EP Review: Alice Glass (Self-Titled)

Since Alice Glass left Crystal Castles back in October 2014, fans have been foaming at the mouth for a solo release. Other than loosie ‘STILLBIRTH’, Glass has been conspicuously quiet since then, whilst her former band have managed to find a new vocalist, release a new album and tour extensively. Now, almost three years after initially departing, she’s anything but quiet on her first solo EP.

Produced by former HEALTH member, Jupiter Keyes, the EP starts accessible and slowly descends into chaos over its six tracks. Lead single and opener ‘Without Love’ is a Sidewalks and Skeletons-esque witch house banger with a lot of catchy pop sensibility. What’s immediately notable from this first track is how much clearer Glass’ voice compared to her work with Crystal Castles. There’s still some processing, but it’s a lot more subtle compared to songs like ‘Alice Practice’ and ‘Baptism’, with a Grimes-like sheen helping the vocals to simultaneously float above everything but still cut through in the mix.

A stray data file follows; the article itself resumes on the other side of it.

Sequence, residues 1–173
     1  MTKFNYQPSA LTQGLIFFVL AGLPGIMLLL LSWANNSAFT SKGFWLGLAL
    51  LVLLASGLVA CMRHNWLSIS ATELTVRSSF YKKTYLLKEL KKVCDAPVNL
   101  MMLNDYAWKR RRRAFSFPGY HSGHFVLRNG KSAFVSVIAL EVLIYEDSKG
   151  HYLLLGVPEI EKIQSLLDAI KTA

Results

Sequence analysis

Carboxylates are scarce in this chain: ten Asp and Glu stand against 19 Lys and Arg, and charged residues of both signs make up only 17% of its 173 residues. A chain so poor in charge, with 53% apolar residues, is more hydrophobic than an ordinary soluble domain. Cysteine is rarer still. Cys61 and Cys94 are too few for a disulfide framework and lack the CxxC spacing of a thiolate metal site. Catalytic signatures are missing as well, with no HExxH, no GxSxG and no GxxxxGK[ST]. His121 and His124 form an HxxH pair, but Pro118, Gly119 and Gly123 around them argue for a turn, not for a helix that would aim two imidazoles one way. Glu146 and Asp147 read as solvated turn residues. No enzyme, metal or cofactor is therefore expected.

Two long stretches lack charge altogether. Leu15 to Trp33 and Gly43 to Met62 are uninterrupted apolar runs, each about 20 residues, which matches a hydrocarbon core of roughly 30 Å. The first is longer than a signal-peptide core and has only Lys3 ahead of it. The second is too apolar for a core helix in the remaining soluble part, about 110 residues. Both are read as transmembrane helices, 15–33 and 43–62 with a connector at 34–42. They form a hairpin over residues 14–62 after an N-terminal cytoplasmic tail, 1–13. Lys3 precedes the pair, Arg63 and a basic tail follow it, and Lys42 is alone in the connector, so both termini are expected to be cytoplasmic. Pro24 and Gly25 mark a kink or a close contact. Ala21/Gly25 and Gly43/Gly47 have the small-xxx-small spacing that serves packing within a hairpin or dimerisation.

Next track ‘Forgiveness’ is a dancefloor banger with a driving kick and Gessafelstein-like hard synth riffs. Any self respecting goth or witch house night needs to get this into rotation ASAP and it stands out as the best track on a consistently great release.

Things get a lot more wild and loose on ‘Natural Selection’ with the production being all over the place in the best possible way. Bursts of atonal noise and distortion are followed by complete silence, only for Alice’s more heavily processed screams of “GET THE FUCK OFF OF ME!” to once again split the space.

‘White Lies’ and ‘Blood Oath’ both effectively combine the chaotic production of ‘Natural Selection’ with the catchiness of ‘Without Love’. The Grimes similarities don’t stop at the vocals as the latter makes similar use of vocal samples and bounces along with an intensity comparable to tracks from Art Angels. The EP ends with the relatively light ‘The Altar’ which puts Glass’ voice in the forefront with subtle synth pads the only accompaniment. Finishing the EP so sombrely seems like a misstep at first, but the song foregrounds Glass’ voice in a way that asserts her as the star of the project and teases what could be possible in the future for her as a solo artist.

This release definitely has a place among the best EP’s of the last couple of years like Charli XCX’s Vroom Vroom and FKA twigs’ M3LL155X. Glass seems to have found an as good, if not better, musical collaborator in Jupiter Keyes and if she can maintain the quality going into her debut album then there’s every reason to be excited for the future of Glass’ solo career.

Words by Jack Hollis

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